Open government initiatives might not work, CRS suggests
A new report from the Congressional Research Service recommends that Congress evaluate whether the White House's transparency agenda is effective and how much it is costing.
President Barack Obama’s open government programs might be ineffective or could interfere with government operations, according to a new report from the Congressional Research Service, an agency that advises Congress.
Congress should consider evaluating whether the White House programs are effective and worth the cost and whether they slow down government operations and negatively affect privacy and security, wrote Wendy Ginsberg, an analyst in government organization and management at CRS, in the research report published online Feb. 14 by the Federation of American Scientists.
“Congress may decide that some of the policies in President Obama’s Dec. 8, 2009, memorandum increase transparency, public participation and collaboration in a way that improves the effectiveness of federal government,” Ginsberg wrote.
Open government plans updated, criticized
Open government beats FOIA for information access
“Conversely, Congress may find that increased transparency and public attention make the federal government more susceptible to information leaks of sensitive materials," she wrote. "Additionally, increased collaboration and participation may make the sometimes slow process of democratic deliberation even slower. Congress may also choose to evaluate the monetary costs associated with implementation of the open government policies.”
Obama has issued three memos related to transparency and then the Open Government Directive in December 2009. In response, agencies have developed open government plans and websites and published datasets on Data.gov, among other activities.
However, the memos and directives left room for interpretation and might not be producing the expected results, Ginsberg wrote.
“The Open Government Directive (OGD) did not explain the consequences for ignoring or disobeying the directive’s requirements,” she wrote. “It is, therefore, unclear what may happen to agencies that did not to meet the requirements set out in the Dec. 8, 2009, OGD or to an agency that did not complete the requirements in a manner that is consistent with the spirit of the memorandum. It is also unclear whether there will be consequences for agencies that do not maintain the OGD requirements or allow certain elements of the OGD to lapse.”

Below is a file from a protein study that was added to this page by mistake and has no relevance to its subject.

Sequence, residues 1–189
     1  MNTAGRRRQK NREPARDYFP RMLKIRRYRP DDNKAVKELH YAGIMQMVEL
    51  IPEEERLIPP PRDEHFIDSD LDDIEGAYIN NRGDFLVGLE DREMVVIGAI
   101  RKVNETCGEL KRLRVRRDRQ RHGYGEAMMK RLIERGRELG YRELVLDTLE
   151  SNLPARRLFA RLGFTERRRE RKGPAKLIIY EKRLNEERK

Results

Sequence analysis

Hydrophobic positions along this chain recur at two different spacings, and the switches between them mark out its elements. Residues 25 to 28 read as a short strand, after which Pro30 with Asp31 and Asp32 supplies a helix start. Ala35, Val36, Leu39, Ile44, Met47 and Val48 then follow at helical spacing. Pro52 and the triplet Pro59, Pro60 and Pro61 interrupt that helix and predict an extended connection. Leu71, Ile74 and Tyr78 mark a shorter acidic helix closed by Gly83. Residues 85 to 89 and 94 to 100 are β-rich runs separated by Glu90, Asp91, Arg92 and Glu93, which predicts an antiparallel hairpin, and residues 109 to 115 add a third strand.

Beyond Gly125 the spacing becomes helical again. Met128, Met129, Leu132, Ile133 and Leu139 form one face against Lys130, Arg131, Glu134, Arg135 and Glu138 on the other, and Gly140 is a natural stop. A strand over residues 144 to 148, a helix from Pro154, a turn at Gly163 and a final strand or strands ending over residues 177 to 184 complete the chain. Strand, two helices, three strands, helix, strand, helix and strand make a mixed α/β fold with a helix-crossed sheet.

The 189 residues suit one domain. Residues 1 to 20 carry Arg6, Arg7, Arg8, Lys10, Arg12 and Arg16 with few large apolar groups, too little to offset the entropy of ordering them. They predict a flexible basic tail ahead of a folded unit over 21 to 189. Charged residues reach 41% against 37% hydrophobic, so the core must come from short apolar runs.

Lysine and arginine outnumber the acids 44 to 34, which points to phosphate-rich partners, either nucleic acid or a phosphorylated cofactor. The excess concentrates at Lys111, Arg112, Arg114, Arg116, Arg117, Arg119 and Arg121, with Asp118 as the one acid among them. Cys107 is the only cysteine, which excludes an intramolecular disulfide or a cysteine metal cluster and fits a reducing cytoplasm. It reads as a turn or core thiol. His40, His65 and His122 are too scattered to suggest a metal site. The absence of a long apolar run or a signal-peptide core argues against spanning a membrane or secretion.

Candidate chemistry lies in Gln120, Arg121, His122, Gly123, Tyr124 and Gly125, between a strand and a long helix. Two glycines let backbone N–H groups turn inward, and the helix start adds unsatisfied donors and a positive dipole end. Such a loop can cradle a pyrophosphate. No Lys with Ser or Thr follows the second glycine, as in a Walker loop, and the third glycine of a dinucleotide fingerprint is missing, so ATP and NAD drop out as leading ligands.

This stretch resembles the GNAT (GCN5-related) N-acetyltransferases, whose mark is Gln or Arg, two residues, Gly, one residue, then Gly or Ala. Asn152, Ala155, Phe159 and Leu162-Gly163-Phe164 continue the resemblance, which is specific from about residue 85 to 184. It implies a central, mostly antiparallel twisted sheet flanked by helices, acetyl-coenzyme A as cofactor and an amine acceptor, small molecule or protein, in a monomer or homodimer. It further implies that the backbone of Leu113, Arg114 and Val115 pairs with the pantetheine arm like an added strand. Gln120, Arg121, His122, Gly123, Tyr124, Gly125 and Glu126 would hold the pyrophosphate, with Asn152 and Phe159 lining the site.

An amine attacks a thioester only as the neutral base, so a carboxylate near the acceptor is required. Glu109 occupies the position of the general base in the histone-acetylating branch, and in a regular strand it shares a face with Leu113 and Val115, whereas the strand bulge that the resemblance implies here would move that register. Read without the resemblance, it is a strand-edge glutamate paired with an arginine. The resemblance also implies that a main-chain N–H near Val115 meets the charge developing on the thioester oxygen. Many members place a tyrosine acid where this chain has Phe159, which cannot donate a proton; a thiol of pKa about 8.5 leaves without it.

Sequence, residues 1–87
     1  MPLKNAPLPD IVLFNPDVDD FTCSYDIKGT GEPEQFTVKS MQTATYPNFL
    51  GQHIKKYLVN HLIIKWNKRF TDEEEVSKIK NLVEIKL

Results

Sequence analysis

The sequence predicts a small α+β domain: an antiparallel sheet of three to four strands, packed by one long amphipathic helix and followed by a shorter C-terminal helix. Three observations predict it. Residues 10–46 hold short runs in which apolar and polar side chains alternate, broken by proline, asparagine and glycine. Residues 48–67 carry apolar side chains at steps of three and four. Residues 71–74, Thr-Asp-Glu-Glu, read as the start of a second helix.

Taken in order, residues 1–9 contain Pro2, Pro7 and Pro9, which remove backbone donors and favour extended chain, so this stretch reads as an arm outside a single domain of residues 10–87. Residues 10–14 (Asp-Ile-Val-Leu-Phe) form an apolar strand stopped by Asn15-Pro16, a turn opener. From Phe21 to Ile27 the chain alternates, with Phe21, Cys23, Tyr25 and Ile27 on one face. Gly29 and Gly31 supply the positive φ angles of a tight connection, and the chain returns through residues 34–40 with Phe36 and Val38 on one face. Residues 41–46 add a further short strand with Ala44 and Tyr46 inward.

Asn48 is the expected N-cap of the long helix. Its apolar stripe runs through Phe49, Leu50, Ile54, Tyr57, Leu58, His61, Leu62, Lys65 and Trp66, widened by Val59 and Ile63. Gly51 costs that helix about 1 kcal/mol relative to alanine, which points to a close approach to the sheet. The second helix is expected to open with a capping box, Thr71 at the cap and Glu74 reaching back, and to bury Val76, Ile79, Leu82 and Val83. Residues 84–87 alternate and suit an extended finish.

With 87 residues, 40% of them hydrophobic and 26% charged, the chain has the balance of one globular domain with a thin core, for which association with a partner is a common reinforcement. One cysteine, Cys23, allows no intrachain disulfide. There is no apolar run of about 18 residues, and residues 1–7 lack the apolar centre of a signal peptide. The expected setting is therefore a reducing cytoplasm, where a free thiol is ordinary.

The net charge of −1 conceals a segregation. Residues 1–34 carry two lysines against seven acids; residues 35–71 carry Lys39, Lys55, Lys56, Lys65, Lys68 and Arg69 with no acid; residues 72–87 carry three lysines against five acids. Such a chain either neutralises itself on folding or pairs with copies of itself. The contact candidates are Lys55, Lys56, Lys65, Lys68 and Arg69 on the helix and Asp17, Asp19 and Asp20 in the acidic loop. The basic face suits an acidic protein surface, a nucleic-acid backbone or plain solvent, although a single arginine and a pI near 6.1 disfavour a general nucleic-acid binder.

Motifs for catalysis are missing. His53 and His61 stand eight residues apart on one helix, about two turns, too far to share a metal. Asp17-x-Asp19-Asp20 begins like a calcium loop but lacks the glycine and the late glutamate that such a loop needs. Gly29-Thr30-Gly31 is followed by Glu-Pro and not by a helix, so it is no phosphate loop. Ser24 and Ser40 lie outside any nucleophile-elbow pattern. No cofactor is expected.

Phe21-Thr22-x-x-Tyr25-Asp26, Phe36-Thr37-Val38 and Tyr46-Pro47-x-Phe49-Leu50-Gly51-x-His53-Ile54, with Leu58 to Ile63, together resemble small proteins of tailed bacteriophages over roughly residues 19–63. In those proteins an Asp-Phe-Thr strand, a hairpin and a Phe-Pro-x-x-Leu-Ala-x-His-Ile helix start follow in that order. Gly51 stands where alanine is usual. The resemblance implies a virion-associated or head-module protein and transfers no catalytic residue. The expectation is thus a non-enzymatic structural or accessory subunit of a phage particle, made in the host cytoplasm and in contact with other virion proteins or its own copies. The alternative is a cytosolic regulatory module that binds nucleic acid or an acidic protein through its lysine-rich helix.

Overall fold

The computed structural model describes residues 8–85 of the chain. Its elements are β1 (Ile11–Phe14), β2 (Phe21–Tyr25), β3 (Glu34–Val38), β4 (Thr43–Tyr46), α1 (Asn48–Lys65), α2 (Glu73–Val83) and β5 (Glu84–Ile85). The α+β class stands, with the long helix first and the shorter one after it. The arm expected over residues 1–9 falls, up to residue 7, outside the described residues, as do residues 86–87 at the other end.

The report also questions the value of specific aspects of the administration's transparency agenda, including the release of large amounts of federal data to the public. Ginsberg said there might be risks involved.
“Releasing these datasets to the public also assumes that the public will have the knowledge, capacity, and resources to evaluate the data, offer valid insights, and reach replicable results and verifiable conclusions," she wrote. "Irresponsible manipulation of the datasets may allow certain groups or individuals to present unclear or skewed interpretations of government datasets, or come to questionable conclusions.”
Releasing too much data could also hinder transparency, she added.
“Counterintuitively, agencies that release vast amounts of datasets may become even less transparent because the public will be unable to decipher which data are important to their needs,” Ginsberg wrote. "Users may have to sift through thousands of datasets to determine which ones include the information they seek. It may be difficult for a researcher to pinpoint the dataset he or she needs in a collection of similarly titled datasets."
Therefore, Congress might need to consider ways to ensure that the public has a means to determine the authenticity of federal data and analysis.
“Congress may want to create ways to make clear to the public when data analysis is performed by the federal government as opposed to when analysis is performed by a private group or individual with its own goals and mission,” Ginsberg concluded. "Congress may choose to require certain government agencies to perform reviews and analyses of the data that is released to the public. Congress may also decide to hold hearings in which Members themselves determine the value and validity of agencies’ datasets and analysis."